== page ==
An area believed to be the initial impact point(s) was marked by broken treetops, atop two, slightly taller, 100 foot tall trees at the southern end of the meadow. A broken green navigation light lens was found at the base of the trees, along with various small wreckage fragments. The distance between the initial impact point and the main wreckage site was about 410 feet.

The airplane's severed right wing was discovered within the wreckage path, about 180 feet from the initial impact point. It had extensive spanwise leading edge aft crushing, with tree bark embedded within two elliptical impact areas. The wing's flight control surfaces remained connected to their respective attach points.

The main wreckage site was uphill and about 230 feet north of the right wing.

The left wing remained attached to the airplane fuselage, but it was displaced forward of the normal position. It had extensive spanwise leading edge aft crushing about midspan. The left wing's flight control surfaces remained connected to their respective attach points.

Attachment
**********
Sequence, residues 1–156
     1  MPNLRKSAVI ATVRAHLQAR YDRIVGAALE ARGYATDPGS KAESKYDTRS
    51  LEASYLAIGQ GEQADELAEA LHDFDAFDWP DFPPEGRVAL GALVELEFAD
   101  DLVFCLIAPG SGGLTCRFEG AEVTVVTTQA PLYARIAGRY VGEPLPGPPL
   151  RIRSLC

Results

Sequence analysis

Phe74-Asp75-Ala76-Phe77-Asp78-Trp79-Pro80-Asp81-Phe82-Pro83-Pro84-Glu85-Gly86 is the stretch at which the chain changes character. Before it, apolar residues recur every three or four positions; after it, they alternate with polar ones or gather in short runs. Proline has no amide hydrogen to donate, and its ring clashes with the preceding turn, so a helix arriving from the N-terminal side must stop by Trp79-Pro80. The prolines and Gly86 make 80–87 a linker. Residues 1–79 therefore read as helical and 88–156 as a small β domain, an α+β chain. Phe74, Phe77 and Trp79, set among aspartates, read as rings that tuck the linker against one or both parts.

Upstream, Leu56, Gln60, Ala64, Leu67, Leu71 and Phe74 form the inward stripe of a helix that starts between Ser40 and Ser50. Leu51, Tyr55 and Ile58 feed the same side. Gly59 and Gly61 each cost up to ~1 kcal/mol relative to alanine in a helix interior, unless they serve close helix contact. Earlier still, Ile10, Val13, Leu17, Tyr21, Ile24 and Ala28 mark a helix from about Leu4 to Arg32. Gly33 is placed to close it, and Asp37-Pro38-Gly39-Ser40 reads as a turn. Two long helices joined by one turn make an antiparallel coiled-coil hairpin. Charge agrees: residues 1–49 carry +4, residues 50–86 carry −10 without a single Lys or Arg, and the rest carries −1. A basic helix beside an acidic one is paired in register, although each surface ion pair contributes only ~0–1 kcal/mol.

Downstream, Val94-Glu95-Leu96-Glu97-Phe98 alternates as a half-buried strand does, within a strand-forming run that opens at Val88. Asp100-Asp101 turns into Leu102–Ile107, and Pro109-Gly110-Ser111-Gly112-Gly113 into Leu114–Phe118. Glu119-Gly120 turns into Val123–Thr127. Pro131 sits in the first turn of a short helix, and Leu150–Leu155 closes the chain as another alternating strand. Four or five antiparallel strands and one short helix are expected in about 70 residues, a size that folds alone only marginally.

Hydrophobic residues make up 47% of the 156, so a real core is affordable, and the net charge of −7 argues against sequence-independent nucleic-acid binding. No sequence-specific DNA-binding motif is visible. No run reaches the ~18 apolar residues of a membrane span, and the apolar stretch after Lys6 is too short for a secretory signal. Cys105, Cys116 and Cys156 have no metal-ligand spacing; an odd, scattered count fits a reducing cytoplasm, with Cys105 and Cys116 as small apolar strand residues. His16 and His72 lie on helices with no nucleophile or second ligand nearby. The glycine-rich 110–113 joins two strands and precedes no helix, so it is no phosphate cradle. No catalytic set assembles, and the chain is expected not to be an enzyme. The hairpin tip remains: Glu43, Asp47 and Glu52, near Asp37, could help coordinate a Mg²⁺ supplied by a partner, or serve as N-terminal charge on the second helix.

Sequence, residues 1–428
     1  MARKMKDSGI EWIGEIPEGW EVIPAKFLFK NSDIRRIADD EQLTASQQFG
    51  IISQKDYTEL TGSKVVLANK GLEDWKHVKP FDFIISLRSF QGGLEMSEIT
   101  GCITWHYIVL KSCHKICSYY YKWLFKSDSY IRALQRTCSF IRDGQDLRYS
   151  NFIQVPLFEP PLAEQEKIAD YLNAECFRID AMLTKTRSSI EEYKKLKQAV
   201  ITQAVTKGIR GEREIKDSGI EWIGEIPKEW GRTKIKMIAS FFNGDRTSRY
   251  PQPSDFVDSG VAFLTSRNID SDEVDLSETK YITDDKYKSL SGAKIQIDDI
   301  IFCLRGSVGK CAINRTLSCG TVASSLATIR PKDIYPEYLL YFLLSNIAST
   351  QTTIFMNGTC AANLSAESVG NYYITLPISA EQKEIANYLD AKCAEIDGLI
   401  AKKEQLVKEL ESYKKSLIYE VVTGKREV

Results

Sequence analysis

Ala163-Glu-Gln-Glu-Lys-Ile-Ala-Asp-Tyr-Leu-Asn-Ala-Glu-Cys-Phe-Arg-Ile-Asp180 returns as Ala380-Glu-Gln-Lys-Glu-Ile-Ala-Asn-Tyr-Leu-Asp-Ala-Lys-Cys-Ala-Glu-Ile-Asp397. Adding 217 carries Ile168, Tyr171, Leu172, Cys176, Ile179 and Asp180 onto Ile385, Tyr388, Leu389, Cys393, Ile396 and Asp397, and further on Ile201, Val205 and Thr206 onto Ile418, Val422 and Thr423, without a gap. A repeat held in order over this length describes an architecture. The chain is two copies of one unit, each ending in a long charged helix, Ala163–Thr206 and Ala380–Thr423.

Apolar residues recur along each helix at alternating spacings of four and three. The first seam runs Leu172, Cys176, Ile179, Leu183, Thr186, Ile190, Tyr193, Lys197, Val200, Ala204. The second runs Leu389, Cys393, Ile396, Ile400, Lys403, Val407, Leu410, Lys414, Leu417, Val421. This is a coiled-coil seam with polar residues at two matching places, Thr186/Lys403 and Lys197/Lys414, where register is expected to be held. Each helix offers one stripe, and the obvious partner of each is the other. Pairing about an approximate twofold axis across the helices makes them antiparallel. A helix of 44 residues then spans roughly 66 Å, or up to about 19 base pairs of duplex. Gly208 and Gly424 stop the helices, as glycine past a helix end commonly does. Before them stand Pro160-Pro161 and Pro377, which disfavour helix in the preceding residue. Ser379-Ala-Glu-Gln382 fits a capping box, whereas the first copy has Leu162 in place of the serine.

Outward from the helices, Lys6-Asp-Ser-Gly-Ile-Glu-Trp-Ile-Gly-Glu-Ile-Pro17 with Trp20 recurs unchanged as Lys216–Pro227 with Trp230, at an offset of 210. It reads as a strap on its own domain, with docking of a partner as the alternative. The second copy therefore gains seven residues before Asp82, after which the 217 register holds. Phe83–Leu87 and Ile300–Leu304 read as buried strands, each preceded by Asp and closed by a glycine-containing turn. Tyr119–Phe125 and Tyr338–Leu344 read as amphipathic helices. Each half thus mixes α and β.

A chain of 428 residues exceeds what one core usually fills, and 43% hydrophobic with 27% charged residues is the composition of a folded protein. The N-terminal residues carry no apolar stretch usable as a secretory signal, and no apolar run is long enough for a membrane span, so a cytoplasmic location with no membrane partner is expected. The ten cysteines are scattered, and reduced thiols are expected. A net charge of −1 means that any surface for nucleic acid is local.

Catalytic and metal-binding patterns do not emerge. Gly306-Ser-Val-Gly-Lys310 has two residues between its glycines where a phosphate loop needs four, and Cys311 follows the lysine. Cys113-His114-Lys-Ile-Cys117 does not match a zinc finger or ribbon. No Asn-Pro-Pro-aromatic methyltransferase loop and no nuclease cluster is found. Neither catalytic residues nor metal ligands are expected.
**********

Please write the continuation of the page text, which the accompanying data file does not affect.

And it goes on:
The fuselage and cabin area was crushed inward, and the empennage was bent up, and slightly to the left.

The left and right horizontal stabilizer and elevators remained attached to the fuselage mounting attach points, but sustained impact damage.

The vertical stabilizer remained attached to the empennage, but the rudder was torn from its upper hinge. The lower hinge remained attached.

The propeller and hub remained attached to the engine crankshaft. Two of the three propeller blades were loose in the propeller hub, but remained attached to the propeller hub assembly. The third propeller blade was found adjacent to the main wreckage site. All three of the propeller blades had multiple leading edge gouges, substantial torsional "S" twisting, and chordwise scratching.

The engine assembly remained attached to the engine firewall, which was found within the wreckage. The engine sustained impact damage to the front and underside. The exhaust tubes were crushed upward. The crushed and folded edges of the exhaust tubes were not cracked.

Due to impact damage, the flight controls could not be moved by their respective control mechanisms, but continuity of the flight control cables and push-pull tubes were established to the cabin/cockpit area.

There were no preaccident mechanical problems discovered during the NTSB IIC's on-scene wreckage examination.


A postmortem examination was conducted under the authority of the Alaska State Medical Examiner, Anchorage, Alaska, on July 26, 2010. The cause of death for the pilot was attributed to blunt force, traumatic injuries.